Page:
In order to make the hub model successful, however, pantries needed to be networked with one another.  In addition to the Nutrition Coalition, pantries and soup kitchens in Norristown have been meeting for a number of years through the volunteer leadership of a faith group operating as Advocates Against Hunger. Aside from these two coalitions, there were large areas in the county where pantries in neighboring communities were not connected to one another.  To rectify this, MAHN established two other regional coalitions of food pantries in the Pottstown/Upper Perkiomen and the eastern sections of the county.  A fifth is beginning to emerge on the Main Line.  With these regional coalitions, food pantries anywhere in Montgomery County now would be able to connect with others in their area, build relationships and share knowledge and resources.

At the countywide level, MAHN and NPCHF cosponsored a conference in January 2015, the first time all pantries in Montgomery County were invited to convene and share innovative practices.  MAHN also introduced a monthly newsletter to keep pantries informed of its work.  Both the conference and newsletter have fostered greater connection:  a countywide network of like-minded leaders is starting to appear.

MAHN Year Two

MAHN is now into its second year and hopes to pilot additional hubs throughout the county through which large scale donations can be redistributed.

Its first task, however, will be to study and document the model used at Manna.  MAHN will need to fully understand Manna’s procedures, successes and challenges in collecting and redistributing food within its regional coalition.  It will be necessary to create a process map from when Manna is initially contacted about a donation of food, to when the product is received by other pantries. 

This study will not only cover the logistics of handling, storing and transporting food and how Manna communicates with the other pantries in its regional coalition, but will also outline a method to collect, track, analyze and report data.  MAHN will create a process to evaluate each redistribution and incorporate lessons learned. 

Armed with this in-depth understanding, MAHN intends to pilot up to three other hubs throughout the county, connecting each of them to an established regional pantry coalition.  As the pilot hubs begin operations, MAHN will create a system-wide method to collect data from all of the hubs and develop a process for continual learning designed for the hubs to improve and evolve.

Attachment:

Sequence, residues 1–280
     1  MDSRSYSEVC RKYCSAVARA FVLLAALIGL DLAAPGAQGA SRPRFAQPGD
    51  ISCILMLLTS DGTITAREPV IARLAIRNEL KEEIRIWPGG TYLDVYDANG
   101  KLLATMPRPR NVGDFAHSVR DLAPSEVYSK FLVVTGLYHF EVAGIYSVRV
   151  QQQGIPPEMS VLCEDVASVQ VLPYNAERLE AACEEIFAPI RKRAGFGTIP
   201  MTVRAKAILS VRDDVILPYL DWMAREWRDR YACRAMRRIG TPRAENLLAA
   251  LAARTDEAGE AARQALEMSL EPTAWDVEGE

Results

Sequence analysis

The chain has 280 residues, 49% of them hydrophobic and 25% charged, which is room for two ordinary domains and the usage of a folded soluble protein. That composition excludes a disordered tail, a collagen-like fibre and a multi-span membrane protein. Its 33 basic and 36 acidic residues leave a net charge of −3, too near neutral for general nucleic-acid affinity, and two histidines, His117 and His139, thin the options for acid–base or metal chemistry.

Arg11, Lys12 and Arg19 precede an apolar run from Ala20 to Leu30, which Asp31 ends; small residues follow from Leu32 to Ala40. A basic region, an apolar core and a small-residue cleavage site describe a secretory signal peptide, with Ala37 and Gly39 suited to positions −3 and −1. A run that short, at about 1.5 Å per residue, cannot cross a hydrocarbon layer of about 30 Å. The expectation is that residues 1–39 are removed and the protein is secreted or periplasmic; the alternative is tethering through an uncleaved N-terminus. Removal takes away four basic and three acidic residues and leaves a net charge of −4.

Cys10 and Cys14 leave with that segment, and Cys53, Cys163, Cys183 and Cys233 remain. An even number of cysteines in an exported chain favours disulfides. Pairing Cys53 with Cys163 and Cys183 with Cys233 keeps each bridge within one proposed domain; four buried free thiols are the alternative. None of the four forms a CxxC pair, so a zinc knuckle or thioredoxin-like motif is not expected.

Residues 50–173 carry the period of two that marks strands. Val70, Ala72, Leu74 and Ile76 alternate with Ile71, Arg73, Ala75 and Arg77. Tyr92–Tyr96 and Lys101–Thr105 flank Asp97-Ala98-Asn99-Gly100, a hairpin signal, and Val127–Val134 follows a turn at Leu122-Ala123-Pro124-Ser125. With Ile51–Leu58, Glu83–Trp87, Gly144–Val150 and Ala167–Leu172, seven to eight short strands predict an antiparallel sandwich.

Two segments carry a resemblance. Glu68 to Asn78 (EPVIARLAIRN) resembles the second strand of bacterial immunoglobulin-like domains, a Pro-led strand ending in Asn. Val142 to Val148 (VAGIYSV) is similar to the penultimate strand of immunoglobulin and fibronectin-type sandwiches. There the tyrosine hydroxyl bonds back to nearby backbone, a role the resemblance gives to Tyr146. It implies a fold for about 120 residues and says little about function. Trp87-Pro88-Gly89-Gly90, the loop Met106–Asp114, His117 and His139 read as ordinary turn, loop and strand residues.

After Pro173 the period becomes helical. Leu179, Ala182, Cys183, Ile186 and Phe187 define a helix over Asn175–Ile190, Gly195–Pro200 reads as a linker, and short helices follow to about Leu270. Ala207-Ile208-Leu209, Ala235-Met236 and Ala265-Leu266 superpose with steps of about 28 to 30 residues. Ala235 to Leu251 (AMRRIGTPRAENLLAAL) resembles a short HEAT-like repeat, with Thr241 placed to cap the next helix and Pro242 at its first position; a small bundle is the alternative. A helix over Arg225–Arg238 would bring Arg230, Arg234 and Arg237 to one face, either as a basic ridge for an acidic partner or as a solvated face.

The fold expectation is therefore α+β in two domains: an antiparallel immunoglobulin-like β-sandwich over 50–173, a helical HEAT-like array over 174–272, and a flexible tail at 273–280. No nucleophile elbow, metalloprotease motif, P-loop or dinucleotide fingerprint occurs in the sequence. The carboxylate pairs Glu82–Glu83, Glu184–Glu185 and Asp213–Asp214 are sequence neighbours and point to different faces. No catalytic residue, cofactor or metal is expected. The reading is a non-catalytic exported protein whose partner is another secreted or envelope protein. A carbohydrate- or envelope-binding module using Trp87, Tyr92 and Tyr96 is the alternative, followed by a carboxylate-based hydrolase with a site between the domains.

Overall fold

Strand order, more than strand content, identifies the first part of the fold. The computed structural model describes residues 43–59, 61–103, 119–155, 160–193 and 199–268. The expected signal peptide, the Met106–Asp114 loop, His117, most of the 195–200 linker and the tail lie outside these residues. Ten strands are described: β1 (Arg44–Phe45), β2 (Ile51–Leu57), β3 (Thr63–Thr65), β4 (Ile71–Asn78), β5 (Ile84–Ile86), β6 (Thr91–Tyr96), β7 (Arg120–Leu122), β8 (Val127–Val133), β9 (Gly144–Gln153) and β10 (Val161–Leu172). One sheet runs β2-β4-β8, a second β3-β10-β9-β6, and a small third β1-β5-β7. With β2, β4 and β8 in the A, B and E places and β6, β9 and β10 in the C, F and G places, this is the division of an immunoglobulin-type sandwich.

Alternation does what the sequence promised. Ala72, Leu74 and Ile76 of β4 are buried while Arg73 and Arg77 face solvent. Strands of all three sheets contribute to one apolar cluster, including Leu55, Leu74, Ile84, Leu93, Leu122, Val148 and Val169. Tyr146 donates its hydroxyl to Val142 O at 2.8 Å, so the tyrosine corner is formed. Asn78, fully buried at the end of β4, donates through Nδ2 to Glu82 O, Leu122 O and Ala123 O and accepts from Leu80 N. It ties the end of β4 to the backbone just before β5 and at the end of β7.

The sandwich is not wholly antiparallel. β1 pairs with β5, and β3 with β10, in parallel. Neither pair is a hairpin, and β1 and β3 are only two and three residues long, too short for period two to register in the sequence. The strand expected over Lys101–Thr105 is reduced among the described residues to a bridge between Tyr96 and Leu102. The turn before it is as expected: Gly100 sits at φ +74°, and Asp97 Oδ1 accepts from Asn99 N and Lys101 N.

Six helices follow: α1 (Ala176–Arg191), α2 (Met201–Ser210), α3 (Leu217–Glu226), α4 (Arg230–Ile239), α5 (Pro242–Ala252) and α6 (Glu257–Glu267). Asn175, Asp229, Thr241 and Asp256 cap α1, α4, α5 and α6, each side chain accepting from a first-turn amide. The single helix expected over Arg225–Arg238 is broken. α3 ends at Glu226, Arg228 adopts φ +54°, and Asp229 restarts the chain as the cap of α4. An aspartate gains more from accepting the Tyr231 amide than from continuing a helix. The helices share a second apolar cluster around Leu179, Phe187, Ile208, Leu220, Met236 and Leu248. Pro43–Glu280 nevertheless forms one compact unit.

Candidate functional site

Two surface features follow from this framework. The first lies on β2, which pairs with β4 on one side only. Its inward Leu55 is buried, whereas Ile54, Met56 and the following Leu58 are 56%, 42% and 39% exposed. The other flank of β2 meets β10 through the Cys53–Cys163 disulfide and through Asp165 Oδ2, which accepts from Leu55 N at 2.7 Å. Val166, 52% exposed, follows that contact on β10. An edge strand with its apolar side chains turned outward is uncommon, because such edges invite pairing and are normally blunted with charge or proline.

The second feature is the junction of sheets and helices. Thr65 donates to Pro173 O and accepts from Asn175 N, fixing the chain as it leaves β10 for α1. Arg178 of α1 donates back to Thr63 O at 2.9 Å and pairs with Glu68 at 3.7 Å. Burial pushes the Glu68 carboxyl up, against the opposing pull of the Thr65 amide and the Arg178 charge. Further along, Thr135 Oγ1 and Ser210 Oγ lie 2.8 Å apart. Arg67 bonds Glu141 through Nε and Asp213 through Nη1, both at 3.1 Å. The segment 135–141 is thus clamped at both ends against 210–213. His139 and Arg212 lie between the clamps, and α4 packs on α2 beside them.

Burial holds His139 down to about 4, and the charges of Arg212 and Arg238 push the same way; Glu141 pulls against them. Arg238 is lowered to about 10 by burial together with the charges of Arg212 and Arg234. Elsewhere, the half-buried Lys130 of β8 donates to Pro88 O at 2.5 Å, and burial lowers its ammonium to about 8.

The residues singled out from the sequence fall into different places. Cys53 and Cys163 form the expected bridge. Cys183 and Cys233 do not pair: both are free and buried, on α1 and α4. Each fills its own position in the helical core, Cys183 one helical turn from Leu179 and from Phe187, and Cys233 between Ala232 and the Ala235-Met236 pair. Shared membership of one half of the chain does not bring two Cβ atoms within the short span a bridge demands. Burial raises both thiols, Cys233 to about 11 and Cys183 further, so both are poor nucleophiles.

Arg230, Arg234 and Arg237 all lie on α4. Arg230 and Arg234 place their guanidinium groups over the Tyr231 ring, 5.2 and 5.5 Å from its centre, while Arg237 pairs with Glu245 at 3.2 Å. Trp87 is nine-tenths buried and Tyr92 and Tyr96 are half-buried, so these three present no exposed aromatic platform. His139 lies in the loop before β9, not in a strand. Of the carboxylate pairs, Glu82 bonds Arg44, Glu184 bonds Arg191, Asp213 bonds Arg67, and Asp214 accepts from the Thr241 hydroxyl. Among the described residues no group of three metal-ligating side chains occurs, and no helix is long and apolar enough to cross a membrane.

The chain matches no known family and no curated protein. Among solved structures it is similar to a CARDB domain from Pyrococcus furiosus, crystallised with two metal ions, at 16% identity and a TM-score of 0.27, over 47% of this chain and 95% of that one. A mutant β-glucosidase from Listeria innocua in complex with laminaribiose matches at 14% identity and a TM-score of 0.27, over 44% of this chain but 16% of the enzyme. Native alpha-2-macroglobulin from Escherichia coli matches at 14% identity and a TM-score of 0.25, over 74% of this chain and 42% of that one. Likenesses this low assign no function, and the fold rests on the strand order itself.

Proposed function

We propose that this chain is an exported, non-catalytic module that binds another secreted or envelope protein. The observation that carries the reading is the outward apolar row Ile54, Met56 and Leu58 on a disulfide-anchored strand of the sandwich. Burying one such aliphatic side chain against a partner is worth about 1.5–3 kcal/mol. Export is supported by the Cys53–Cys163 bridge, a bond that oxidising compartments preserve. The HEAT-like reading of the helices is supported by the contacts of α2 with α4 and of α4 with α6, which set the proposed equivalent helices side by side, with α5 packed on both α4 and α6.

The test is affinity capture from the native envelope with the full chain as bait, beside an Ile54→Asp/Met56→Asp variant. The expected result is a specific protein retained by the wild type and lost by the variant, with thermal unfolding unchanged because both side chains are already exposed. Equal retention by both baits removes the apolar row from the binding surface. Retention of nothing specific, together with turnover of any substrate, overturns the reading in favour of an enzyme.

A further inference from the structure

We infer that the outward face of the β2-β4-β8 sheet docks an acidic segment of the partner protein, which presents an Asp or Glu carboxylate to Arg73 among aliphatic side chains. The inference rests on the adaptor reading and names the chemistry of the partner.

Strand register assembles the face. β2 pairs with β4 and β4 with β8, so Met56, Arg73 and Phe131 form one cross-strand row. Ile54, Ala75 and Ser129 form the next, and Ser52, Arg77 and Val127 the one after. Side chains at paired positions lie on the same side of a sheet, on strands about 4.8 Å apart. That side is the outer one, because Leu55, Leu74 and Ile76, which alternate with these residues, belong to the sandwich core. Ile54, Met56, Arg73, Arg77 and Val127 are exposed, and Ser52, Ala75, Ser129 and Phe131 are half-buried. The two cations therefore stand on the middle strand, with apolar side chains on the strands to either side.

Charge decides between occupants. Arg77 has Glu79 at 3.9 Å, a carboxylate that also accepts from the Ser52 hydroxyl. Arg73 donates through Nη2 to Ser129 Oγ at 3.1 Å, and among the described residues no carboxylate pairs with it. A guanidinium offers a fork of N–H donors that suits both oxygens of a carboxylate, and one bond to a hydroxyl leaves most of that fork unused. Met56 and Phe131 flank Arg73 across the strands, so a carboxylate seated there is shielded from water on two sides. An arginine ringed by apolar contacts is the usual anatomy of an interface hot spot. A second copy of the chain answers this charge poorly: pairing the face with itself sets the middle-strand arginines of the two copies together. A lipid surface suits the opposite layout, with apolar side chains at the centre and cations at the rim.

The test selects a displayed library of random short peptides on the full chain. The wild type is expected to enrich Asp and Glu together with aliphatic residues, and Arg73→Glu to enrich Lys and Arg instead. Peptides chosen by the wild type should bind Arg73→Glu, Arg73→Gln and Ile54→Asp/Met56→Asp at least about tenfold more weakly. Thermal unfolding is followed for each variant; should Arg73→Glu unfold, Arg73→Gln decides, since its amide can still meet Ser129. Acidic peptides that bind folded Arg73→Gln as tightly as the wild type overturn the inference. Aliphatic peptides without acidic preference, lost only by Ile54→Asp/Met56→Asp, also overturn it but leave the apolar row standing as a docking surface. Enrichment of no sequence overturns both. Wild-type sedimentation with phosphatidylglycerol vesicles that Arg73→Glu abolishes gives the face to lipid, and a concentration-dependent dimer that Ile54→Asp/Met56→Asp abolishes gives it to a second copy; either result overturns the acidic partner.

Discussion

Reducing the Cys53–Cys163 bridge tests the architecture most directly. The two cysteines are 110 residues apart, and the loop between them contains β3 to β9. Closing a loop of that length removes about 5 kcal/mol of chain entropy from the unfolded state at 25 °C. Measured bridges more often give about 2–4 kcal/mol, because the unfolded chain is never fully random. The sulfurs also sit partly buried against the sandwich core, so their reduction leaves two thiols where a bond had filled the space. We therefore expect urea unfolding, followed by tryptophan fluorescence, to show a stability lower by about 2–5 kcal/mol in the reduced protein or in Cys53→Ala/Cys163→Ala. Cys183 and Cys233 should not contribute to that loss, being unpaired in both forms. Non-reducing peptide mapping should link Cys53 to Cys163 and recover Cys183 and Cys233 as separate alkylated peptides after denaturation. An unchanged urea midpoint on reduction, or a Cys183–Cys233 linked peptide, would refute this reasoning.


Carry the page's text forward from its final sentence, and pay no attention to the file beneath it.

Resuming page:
Undoubtedly, there are many questions to be answered:  what attributes, beyond storage, refrigeration and staff capacity, would a hub need to be successful? How do we arrange transportation for pantries without access to a vehicle?  What do we do when a donation exceeds the capacity of a single hub?  What data systems could support this type of work?  Which organization will collect and aggregate the data?  There will likely be other questions MAHN has not anticipated.

Side Benefits of Collaboration

Successful collaborations often produce benefits beyond the primary purpose, and that is beginning to happen because of the work of MAHN.  Pantries that source their food through both CADCOM and Philabundance currently must submit two separate reports.  Due to their participation in MAHN, both organizations are looking to develop a single, unified reporting system. 

Thanks to MAHN, pantries in Montgomery County are connected as never before, and that network has allowed a spark to catch fire.  One pantry introduced a researched-based client survey, which led to a myriad of benefits such as inventory adjustments based on dietary needs, expansion of hours to better meet clients’ schedules and improved fundraising through client stories backed by data.  As other pantries have learned of the benefits the survey brought to both the organization and its clients, many have since introduced the same survey.  The use of data to drive operational decisions is a new concept for many pantries and could generate significant changes throughout the network.